Author: Preston Stovall

On the Benefits of Philosophical Instruction

The average scores of philosophy majors on the LSAT and other standardized tests are regularly presented as reasons for university students to major in philosophy.  In an age of increasing pressure to compete for student enrollments, data of this sort are important for the discipline of professional philosophy. Tenure lines are partly justified on the basis of student enrollments, and students are encouraged to enroll in philosophy partly on the basis of the impact that philosophical instruction has on cognitive ability, these claims are part of the mechanism by which academic philosophers hope to secure university funding for their departments.  Given these institutional arrangements, the profession of academic philosophy has an interest in determining whether these statements about the beneficial cognitive impact of the study of philosophy are justified. In an essay published at Quillette in July of last year, Neven Sesardić critically examined the evidence for these statements and found them wanting. He wrote: In reality, however, there is no justification for such claims. Getting higher test scores after studying philosophy does not show …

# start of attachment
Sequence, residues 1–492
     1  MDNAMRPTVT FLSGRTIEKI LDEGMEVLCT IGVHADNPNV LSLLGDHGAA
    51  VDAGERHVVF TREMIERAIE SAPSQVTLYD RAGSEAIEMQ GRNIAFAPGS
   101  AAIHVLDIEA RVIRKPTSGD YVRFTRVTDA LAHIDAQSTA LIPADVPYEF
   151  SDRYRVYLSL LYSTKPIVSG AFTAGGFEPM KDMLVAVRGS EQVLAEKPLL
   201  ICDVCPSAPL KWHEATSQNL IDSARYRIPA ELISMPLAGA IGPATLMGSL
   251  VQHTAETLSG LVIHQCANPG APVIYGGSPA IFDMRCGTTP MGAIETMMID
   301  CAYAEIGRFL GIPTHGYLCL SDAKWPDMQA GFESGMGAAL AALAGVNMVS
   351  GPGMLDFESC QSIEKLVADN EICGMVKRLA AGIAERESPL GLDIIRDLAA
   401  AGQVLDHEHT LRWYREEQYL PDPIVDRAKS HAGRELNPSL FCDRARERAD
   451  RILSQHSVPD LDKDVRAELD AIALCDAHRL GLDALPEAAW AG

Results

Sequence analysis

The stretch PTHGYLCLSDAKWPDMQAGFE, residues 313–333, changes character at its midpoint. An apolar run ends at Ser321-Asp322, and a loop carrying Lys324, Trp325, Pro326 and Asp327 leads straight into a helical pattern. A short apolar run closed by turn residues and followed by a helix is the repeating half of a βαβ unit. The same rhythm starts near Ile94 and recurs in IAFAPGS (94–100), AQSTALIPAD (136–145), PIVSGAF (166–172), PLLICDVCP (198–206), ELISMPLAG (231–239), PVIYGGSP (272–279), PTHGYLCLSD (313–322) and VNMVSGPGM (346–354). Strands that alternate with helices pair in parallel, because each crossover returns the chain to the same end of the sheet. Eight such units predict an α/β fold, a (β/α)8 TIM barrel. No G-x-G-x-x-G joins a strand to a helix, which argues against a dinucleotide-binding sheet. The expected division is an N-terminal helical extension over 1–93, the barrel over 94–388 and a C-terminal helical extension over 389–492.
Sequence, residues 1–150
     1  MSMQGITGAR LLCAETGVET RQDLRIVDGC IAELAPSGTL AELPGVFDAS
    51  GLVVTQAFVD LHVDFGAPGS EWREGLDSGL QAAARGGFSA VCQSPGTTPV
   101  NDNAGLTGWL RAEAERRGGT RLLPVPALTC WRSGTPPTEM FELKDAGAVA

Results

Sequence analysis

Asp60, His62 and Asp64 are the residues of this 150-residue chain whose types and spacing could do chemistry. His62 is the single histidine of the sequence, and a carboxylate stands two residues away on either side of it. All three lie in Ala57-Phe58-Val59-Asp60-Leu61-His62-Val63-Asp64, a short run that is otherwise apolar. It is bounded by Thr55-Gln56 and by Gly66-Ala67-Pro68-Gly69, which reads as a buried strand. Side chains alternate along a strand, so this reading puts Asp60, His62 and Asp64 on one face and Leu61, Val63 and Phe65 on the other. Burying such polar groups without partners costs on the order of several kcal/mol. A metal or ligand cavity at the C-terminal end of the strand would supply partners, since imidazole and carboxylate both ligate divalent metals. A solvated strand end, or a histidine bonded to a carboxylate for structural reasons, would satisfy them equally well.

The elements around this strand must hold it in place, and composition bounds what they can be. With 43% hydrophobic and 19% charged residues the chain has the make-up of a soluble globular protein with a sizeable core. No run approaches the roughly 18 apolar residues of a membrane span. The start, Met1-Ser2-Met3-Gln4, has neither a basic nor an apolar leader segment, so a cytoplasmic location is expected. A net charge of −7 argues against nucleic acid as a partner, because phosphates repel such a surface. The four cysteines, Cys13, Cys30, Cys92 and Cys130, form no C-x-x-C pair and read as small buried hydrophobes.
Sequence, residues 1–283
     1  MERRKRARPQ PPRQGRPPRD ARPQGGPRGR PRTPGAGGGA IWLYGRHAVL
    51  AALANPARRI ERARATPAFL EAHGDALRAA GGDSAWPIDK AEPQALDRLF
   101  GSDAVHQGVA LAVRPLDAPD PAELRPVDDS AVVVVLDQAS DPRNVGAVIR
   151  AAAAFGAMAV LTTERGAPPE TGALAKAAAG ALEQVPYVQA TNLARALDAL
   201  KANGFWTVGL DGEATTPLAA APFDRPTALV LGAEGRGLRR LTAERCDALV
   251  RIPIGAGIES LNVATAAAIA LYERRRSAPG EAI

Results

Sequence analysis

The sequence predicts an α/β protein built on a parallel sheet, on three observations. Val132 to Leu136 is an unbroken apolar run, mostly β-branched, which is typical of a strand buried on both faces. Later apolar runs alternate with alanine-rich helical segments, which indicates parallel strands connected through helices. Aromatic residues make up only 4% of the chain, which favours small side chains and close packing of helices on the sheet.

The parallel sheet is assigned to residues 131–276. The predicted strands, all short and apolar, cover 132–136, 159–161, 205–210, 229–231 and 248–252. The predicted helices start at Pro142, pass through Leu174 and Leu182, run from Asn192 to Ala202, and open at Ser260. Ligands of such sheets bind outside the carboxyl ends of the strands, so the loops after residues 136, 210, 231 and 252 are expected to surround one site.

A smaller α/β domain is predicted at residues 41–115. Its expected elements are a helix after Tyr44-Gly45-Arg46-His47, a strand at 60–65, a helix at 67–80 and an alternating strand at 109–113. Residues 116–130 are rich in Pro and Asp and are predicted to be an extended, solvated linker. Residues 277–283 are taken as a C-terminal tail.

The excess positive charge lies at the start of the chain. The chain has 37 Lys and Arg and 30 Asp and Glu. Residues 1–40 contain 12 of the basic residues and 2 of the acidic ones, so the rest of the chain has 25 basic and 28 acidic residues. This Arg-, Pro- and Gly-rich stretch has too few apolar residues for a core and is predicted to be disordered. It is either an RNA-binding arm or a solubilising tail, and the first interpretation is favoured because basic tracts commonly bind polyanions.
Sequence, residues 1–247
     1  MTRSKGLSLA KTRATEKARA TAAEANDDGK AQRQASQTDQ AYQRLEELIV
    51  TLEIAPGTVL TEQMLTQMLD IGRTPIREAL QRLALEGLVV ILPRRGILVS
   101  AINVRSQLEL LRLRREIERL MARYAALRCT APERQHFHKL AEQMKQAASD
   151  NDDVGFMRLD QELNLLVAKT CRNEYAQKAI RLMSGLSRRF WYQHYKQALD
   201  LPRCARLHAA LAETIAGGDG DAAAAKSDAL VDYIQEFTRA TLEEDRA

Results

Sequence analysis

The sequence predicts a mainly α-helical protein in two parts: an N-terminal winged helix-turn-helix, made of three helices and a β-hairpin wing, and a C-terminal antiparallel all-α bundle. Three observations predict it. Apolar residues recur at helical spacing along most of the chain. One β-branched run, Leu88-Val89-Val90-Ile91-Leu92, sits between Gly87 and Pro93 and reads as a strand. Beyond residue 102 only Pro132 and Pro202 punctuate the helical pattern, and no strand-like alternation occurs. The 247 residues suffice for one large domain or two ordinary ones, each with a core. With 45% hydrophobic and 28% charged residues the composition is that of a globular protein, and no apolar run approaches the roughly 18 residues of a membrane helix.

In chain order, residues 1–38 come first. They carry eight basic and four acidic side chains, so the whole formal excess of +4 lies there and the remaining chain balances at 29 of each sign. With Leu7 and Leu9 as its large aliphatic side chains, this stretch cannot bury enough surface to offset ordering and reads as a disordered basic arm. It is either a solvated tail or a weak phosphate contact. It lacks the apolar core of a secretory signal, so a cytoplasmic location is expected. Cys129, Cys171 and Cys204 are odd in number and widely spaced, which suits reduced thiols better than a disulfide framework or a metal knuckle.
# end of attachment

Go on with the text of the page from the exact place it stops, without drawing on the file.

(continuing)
Reassessing Cultural Divisions in the United States

If there was any doubt before, this election cycle brought home how divided the U.S. is on issues of national identity. It also brought political and cultural tensions to the surface, displayed in acts of outrage and the strident expressions of the partisans of different views. Old ways of dividing the social landscape no longer apply, and some of the events of the last few years are so bizarre it is difficult to believe, had they been scripted as a movie, the plot could have been pitched as anything other than satire even five years ago. Yet this is the world we wake up to every day. Consider arch-progressive Michael Moore’s resounding expression of the popular sentiment in support of Trump, or the fact that we now have a president-elect that was once used as a throw-away joke on the Simpsons in 2000, someone who retweets his fans’ remarks, and who campaigned in large part on his business acumen while his business life reads like the scandalous decline of a B-grade Hollywood starlet. This is …